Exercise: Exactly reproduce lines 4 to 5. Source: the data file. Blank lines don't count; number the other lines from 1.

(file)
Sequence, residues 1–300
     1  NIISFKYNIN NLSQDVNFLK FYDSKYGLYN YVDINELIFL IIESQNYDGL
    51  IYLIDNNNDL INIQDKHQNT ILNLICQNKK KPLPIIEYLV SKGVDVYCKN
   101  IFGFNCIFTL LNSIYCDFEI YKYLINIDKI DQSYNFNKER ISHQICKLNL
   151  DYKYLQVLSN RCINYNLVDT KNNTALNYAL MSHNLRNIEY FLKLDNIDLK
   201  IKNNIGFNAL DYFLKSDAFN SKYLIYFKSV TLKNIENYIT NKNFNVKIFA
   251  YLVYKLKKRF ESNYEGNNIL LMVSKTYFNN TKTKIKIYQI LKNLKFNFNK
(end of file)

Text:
   101  IFGFNCIFTL LNSIYCDFEI YKYLINIDKI DQSYNFNKER ISHQICKLNL
   151  DYKYLQVLSN RCINYNLVDT KNNTALNYAL MSHNLRNIEY FLKLDNIDLK